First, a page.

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Payback is a method related to capital budgeting. The payback period in capital budgeting refers to the time required for the return on an investment (ROI) to "repay" or pay back the total sum of the original investment.

Payback is a popular method of evaluation of investment because it is easy to understand and calculate regardless of what it actually means.

Despite being a non-DCF evaluation method, payback is used extensively in the evaluation of investments for its simplicity in calculation and application. It is quite useful in comparing the calculation of similar investments.

The payback method doesn’t have any specific criteria for the evaluation of investments as a standalone tool. The only necessity in using the payback period method is that it should be less than infinity.

Despite being a simple way of evaluation of investments, the payback method has some serious limitations because it doesn’t consider the time value of money, risks, and financing issues.

Although the time value of money can be measured by including the weighted average cost of the capital discount, the payback tool should not be used in isolation.

Economists and financial managers alternately use net present value (NPV) and internal rate of return (IRR) along with the payback method to limit the shortcomings of the payback method in general.

An explicit assumption in using the payback method is that ROI continues even after the payback period.

The payback period is a part of capital budgeting wherein the period of time required for the return on investment to pay back the sum of the original investment is calculated.

The payback period is generally expressed in years. The process starts by calculating Net Cash Flow for each year where,

**Year 1 Net Cash Flow = Year 1 Cash Inflow – Year 1 Cash Outflow**

Then, Cumulative Cash Flow is calculated where,

**Cumulative Cash Flow = Year 1 Net Cash flow + Year 2 Net Cash Flow + Year 3 Net Cash Flow…**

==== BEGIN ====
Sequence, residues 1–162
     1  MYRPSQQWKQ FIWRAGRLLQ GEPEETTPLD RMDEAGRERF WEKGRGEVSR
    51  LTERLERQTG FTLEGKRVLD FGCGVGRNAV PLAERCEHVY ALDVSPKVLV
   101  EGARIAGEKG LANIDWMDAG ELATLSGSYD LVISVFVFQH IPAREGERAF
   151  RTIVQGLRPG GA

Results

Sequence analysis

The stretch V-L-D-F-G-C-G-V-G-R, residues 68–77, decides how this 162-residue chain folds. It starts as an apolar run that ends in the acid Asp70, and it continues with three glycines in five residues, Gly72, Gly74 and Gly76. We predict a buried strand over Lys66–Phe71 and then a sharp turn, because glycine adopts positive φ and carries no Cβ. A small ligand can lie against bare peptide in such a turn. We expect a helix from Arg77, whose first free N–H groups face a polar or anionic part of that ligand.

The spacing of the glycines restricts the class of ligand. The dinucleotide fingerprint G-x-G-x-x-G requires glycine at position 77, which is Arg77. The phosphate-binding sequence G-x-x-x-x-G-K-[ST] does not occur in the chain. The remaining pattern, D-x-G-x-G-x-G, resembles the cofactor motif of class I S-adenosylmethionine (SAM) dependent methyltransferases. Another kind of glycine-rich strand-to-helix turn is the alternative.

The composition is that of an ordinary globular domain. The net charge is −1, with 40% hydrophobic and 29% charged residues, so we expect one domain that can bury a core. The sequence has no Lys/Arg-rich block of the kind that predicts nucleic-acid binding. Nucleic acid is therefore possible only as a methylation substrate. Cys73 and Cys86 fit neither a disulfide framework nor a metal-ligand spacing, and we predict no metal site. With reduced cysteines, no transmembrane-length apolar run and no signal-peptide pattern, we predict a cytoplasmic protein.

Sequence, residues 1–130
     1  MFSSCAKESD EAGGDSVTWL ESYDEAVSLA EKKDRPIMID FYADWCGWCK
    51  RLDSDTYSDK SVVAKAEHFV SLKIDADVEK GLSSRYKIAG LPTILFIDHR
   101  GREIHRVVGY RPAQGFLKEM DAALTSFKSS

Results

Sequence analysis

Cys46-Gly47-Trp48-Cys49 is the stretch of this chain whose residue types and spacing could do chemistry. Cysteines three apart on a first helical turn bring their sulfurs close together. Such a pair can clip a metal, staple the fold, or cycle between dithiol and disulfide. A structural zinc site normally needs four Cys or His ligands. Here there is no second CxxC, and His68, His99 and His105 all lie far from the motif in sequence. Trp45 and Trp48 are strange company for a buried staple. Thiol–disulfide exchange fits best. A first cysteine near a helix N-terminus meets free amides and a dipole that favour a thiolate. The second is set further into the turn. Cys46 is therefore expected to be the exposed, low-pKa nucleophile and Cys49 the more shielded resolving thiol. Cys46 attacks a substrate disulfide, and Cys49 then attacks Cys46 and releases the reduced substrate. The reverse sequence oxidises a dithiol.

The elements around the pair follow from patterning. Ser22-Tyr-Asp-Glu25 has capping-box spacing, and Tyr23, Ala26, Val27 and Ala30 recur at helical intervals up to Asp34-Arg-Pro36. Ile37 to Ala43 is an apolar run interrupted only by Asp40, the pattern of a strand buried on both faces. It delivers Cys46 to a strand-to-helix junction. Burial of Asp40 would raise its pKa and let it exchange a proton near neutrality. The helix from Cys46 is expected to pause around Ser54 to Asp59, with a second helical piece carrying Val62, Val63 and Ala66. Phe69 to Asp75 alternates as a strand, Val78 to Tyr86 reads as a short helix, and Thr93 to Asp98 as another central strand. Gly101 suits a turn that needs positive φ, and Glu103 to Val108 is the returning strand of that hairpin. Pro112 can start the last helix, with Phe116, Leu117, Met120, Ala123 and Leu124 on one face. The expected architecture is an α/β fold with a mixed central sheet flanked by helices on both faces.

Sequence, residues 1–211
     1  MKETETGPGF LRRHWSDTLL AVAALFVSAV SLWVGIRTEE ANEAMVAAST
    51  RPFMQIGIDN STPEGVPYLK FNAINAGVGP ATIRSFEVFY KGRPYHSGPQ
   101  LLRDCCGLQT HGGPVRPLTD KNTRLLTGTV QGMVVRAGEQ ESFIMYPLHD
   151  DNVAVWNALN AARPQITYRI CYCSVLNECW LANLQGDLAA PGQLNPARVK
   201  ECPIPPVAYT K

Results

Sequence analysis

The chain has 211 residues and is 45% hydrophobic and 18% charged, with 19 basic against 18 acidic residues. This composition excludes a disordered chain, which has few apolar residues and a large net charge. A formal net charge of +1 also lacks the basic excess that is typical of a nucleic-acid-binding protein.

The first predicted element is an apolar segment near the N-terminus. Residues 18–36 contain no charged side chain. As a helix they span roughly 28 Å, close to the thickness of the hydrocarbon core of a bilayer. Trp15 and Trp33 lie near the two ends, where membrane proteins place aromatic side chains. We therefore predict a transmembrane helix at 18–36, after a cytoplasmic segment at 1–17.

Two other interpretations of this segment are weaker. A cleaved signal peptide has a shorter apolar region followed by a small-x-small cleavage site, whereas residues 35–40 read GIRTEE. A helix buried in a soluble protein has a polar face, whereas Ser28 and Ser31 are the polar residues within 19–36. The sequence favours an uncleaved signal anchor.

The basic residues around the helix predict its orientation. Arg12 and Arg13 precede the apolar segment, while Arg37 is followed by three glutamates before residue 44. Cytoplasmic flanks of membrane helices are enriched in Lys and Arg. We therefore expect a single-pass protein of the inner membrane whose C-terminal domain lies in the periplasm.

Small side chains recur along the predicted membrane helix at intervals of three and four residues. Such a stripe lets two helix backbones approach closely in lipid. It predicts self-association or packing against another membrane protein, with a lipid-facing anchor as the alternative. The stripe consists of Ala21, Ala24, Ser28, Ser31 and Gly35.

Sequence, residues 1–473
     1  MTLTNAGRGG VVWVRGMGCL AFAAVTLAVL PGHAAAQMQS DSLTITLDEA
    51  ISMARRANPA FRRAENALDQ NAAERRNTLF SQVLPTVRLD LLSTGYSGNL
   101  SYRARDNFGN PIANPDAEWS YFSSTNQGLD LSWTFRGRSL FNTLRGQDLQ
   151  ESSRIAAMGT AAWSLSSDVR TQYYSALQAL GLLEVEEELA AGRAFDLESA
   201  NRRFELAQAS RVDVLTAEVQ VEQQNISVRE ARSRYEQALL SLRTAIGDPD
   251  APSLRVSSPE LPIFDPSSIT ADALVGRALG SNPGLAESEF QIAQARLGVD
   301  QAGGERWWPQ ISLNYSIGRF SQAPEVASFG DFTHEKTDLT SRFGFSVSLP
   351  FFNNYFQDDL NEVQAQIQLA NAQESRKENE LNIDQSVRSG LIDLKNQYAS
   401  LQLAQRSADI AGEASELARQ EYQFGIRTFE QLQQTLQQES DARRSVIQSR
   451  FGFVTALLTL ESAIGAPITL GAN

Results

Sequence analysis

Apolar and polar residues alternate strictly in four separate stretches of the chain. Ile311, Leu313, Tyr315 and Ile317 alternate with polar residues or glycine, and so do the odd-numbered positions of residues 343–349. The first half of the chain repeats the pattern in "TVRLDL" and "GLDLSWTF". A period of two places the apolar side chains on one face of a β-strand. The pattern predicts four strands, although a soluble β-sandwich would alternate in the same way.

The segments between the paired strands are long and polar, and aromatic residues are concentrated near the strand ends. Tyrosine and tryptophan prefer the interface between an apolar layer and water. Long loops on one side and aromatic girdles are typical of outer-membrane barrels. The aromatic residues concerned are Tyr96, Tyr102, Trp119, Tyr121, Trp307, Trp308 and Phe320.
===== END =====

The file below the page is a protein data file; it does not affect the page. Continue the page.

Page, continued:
This accumulation is carried on by year until Cumulative Cash Flow becomes a positive number. The year in which the cumulative cash inflow becomes positive that year is the payback year.

more exact payback period is calculated using the formula −

$$\mathrm{Payback\:Period =\frac{Amount\:to \:be \:Initially\: Invested}{Estimated \:Annual \:Net \:Cash Inflow}}$$

The payback method does not consider the time value of money. Some economists modify this method by including the time value of money to find a *discounted payback period.* The cash inflows of the project are discounted by a given discount rate (cost of capital), and then the usual steps are followed for calculating the payback period.

- Related Questions & Answers
- Explain about payback period in non-discounted cash flow technique in capital budgeting.
- What is Discounted Payback Period?
- What is Capital Budgeting?
- What is capital budgeting in finance?
- What is Simulation Analysis in Capital Budgeting?
- What is the link between Strategy and Capital Budgeting?
- What is the significance of judgment in Capital Budgeting decisions?
- How does Capital Rationing help Capital Budgeting?
- What are the characteristics of Capital Budgeting Decisions?
- What is Profitability index in discounted cash flow technique in capital budgeting?
- Qualitative Factors in Capital Budgeting Decisions
- What is Accounting Rate of Return in discounted cash flow technique in capital budgeting?
- What are the Three Levels of Capital Budgeting Decision-Making?
- Payback Period as a Method of Handling Investment Risk
- Limitations of using the Payback Period in evaluating an investment

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